"Her name is Alejandra Maria Yaotl, and she is desperate to squat here, in this ribbon of grass between armies, to defecate. But her knees do not permit squatting, and she knows the desperation is only a great, killing mass in her bowels making demands of the failing body it consumes from the inside out, a little more every day. So she walks; strands of white hair blowing about her eyes, bent spine unable to straighten, papery hand gripping the rough wooden knob of a cane. The punishing sun shines down on a spill of engine oil, a pool of chlorophyl, a gob of intestine crushed into the soil. Behind, there is a shuttle with a weeping grandson at the helm who begged her to stay home and die in peace. Ahead, there are the towering gates of a city-state that teaches its people how to perform it, a continental theatre of violence caked in the blood of its sacrificial victims, the place where she will die one way or another." - D is for Duel, forthcoming in D is for Dinosaur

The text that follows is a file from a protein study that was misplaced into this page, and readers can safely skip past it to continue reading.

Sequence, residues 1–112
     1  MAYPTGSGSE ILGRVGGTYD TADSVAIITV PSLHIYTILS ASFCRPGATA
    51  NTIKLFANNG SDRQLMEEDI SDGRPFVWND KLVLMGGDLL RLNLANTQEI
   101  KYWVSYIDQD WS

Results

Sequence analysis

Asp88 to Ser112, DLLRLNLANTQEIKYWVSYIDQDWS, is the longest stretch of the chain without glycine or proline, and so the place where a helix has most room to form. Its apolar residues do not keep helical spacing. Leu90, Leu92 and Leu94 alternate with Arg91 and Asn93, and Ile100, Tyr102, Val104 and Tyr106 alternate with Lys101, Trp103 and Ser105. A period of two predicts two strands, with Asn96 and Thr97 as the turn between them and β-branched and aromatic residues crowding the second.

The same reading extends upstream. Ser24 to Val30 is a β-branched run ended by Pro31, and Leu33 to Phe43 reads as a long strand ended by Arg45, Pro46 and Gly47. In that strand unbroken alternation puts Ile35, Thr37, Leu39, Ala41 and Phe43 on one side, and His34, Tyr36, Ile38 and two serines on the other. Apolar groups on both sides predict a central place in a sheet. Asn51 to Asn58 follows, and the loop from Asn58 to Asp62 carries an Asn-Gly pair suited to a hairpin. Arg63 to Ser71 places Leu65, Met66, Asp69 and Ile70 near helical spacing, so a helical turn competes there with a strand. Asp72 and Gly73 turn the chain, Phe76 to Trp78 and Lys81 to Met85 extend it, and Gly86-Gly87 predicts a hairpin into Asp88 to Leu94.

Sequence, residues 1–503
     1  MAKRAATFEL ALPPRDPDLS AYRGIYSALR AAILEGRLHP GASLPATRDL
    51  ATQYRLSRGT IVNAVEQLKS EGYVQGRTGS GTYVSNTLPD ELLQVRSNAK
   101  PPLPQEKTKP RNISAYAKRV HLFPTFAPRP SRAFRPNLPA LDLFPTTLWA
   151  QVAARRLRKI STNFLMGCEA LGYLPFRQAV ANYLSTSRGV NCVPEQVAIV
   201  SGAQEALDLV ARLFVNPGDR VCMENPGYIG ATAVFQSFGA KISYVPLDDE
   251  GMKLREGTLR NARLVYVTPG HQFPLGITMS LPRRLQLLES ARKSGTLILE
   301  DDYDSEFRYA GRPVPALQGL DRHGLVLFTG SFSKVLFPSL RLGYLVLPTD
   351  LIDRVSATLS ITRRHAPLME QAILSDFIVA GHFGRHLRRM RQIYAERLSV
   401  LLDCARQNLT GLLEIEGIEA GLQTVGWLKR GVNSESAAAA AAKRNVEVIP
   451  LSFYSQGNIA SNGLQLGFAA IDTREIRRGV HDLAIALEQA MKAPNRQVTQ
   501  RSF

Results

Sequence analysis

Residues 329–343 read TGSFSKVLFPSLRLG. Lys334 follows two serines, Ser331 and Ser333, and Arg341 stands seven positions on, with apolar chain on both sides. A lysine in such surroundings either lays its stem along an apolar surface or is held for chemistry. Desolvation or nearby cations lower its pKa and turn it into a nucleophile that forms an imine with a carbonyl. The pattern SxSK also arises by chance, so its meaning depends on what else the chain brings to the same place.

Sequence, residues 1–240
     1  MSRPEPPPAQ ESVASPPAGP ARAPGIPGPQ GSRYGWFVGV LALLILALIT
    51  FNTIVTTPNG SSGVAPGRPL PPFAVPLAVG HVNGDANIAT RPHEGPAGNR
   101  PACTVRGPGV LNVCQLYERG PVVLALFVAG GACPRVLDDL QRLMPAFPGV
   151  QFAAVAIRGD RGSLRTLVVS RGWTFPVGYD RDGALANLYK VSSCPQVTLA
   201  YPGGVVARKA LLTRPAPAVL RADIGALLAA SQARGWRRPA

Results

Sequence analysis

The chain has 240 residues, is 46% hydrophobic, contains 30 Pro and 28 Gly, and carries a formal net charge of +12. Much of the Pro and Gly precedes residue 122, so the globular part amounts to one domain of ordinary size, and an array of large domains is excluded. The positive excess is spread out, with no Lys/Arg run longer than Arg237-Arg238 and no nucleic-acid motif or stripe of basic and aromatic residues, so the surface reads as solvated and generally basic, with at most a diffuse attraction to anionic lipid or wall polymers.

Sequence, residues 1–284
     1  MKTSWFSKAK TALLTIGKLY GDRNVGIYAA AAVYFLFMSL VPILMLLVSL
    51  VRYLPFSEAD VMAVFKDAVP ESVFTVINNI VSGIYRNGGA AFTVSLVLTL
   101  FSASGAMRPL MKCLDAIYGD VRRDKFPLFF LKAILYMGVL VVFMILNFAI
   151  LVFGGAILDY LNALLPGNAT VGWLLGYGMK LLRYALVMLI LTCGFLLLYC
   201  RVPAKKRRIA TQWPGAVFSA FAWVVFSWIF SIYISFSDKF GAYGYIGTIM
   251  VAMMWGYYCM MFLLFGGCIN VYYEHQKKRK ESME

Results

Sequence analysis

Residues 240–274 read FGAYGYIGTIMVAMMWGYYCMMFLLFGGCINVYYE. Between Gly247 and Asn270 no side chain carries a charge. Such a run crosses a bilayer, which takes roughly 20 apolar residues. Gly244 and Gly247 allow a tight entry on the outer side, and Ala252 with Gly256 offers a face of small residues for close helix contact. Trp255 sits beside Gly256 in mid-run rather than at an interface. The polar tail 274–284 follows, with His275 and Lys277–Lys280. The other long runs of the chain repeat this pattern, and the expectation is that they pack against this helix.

About nine years ago, I read a problematic book entitled How Good People Make Tough Choices: Resolving the Dilemmas of Ethical Living by Rushworth M. Kidder. In it, Kidder presents simplistic ethical dilemmas wherein the answer to the problem is embedded in the question itself and uses these to argue that humanity shares a set of core values. He further argues that everything outside these core values is a right vs. wrong issue. In short, he uses trite ethical dilemmas to argue for metanorms and moral objectivism.